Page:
The last time I attempted a review I all but disowned the medium – as if I’d ever owned it in the first place. What was written was an apology piece, an illustration of what I saw, and a small analysis of how, in some world, Stand-Up History Brighton could have been funny. I put it all down to meme-culture, a resurgence in the absurd, then apologised for not doing my job. I’ll attempt something different today.
Last night I saw Judy and Punch at Komedia, in the Laines. The screening took place as part of Brighton’s Cinecity film festival, and the tickets I had were coveted by many. Those who had seen trailers for Judy and Punch were much tempted by its warm colours, its mysterious plot, an obvious professionalism. I – who had no notion of the film’s content – was excited to spend a few hours sat in the dark, judging something. I had a nice seat in the centre of the theatre, and a glass of wine.
The current cinematic landscape is marred, or blessed, by the franchise film, depending on your perspective. Writers wade deeper into the void of character development, story trajectory, until they find something half-plausible and run with it. As stories water down, the only fertile land becomes the origin tale. Lately this has been demonstrated by Joker, teetering on a $300 million gross. Every penny of this immense sum points to a thirst for explanation. The question of why a character becomes the way they are is asked by many. Obviously, nobody asks this more than of Punch and Judy.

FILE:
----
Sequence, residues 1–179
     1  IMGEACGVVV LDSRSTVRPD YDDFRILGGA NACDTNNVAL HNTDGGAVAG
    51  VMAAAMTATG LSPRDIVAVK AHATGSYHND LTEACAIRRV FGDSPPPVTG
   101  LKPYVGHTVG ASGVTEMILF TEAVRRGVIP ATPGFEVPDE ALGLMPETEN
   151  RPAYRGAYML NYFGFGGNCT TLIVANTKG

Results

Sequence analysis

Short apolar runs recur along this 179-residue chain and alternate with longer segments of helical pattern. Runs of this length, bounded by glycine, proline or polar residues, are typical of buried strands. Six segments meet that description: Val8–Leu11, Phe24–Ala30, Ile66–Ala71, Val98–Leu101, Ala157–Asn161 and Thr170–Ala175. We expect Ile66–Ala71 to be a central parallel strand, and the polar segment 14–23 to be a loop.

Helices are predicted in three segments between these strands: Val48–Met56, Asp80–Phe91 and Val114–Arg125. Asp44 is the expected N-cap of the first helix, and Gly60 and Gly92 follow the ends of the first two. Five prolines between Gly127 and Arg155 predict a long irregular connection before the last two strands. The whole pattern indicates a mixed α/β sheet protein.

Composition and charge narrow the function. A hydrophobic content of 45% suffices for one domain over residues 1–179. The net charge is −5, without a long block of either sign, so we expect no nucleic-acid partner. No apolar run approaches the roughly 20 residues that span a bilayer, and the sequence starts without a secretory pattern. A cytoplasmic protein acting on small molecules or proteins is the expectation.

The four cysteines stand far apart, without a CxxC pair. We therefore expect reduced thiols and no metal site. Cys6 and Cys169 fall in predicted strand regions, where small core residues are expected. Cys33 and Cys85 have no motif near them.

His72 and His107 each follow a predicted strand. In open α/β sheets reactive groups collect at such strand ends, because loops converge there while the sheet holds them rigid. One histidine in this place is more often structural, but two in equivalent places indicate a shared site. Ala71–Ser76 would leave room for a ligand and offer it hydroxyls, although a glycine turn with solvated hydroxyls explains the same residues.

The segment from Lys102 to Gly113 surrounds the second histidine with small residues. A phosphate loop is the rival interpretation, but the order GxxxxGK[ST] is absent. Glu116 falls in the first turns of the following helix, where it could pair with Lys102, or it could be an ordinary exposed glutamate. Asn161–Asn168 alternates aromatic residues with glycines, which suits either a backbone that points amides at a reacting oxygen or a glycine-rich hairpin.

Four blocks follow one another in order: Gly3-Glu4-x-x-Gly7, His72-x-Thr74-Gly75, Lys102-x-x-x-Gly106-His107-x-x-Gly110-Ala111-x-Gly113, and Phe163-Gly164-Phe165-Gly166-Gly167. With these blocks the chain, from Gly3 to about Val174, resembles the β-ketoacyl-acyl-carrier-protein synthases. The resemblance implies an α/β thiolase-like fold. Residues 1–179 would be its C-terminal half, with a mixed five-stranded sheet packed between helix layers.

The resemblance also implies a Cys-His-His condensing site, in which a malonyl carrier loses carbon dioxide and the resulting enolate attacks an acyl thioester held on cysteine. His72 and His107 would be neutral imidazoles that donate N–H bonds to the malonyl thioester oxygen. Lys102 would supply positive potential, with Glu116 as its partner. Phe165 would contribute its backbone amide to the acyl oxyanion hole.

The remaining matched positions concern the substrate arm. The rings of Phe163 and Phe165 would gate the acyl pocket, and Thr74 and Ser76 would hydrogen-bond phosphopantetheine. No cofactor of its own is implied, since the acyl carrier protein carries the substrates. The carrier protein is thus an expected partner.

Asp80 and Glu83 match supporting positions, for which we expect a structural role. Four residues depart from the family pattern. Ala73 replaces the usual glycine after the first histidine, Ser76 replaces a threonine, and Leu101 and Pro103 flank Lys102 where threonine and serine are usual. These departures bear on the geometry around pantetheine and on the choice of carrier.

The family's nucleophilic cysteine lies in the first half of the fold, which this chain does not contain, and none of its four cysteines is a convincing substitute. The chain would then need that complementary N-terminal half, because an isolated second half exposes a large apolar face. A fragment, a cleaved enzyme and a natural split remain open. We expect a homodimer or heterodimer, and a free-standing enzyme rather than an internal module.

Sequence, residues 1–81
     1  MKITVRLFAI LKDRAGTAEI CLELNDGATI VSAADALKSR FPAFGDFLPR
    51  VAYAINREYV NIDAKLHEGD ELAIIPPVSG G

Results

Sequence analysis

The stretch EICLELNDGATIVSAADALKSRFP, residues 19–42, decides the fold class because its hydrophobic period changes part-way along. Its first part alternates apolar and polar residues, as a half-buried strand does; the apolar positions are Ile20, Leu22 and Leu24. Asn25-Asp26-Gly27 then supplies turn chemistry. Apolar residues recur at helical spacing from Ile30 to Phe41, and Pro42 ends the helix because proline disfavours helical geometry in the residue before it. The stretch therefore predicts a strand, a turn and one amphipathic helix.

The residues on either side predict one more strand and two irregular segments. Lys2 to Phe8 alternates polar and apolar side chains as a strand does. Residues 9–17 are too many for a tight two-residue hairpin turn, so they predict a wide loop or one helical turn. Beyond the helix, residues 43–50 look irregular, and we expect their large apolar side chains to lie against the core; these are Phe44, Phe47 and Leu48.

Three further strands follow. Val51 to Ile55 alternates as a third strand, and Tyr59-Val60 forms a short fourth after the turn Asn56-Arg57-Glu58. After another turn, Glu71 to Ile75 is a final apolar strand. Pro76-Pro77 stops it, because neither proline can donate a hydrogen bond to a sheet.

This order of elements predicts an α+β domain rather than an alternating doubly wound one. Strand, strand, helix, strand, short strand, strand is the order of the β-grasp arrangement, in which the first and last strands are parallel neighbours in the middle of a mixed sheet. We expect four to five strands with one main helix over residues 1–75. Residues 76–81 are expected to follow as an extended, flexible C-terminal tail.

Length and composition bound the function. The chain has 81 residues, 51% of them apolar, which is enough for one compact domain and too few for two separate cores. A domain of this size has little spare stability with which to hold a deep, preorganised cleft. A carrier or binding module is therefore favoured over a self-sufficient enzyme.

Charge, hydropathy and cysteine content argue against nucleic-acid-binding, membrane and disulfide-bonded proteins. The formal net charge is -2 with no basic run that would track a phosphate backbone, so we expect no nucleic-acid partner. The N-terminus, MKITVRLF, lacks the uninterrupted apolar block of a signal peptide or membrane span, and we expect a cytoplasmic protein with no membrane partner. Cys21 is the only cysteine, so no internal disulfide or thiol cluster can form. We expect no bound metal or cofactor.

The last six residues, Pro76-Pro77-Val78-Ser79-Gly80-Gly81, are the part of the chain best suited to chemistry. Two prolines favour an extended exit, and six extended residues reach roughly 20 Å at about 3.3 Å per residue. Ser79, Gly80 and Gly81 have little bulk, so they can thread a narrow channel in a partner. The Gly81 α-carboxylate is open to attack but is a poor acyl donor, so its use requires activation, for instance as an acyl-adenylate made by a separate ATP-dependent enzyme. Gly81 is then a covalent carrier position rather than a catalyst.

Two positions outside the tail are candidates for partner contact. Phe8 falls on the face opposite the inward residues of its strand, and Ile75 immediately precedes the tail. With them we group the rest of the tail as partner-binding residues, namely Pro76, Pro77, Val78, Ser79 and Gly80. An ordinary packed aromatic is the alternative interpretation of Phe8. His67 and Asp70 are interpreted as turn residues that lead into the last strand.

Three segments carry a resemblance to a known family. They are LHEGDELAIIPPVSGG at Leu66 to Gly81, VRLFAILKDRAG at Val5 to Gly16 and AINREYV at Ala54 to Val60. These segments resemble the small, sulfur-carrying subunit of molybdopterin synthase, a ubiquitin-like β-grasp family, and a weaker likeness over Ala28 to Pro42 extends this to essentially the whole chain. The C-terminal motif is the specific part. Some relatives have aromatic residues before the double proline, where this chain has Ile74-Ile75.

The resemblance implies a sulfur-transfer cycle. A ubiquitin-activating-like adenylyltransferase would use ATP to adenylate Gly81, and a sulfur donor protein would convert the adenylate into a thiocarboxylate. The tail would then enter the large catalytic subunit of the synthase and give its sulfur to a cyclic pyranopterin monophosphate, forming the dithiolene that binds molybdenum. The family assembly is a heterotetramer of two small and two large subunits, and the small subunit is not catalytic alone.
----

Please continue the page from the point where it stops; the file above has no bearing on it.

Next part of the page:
However, if I were to call Judy and Punch an origin story, I could mislead. An origin story with a pay-off in the final minute leaves a hundred and forty-four others with a generic void. Is Judy and Punch a revenge tale, a fantasy, a black comedy? It is all and it is none.
Judy and Punch combines a number of base components that, when viewed in conjunction with a good plot, make for enjoyable watching. The quirky world it builds, the town of Seaside, which – ironically! – is “nowhere near the sea”, is combined with an hysteric townspeople, witches, brothels, bars, and hangings, to create a maddening upside-down world. Its cast of wild characters, all wonderfully performed, are present for the audience to love and loathe. They’re neither archetypal nor overtly stereotypical. They are, however, familiar, and this works against the text.
Such a cast of characters, in the quantity they come: policeman, hangman, performer, mysterious child, wicken exile, baby, maid, etc… inevitably drag along subplot upon subplot. These stories, rather than being finely interwoven, are unfortunately denied the screen time they require for understanding and a resolution. The witches’ coven, which demands prominence in the film, is featured too far along, denying the audience the affection their characters demand. In the film’s resolution, when an allegorical speech preaches that the village people do not cast out those who are different, but embrace them, one is left untouched, almost yawning. This is due, again, to its familiarity.
Nevertheless, the film is pretty, and quirky, and very well cast, which leaves it somewhat loveable. The overall impression, however, is that this story was given too much money, too fast. If the director’s ambitions were, perhaps, restricted, a dialled-down movie may have satisfied more.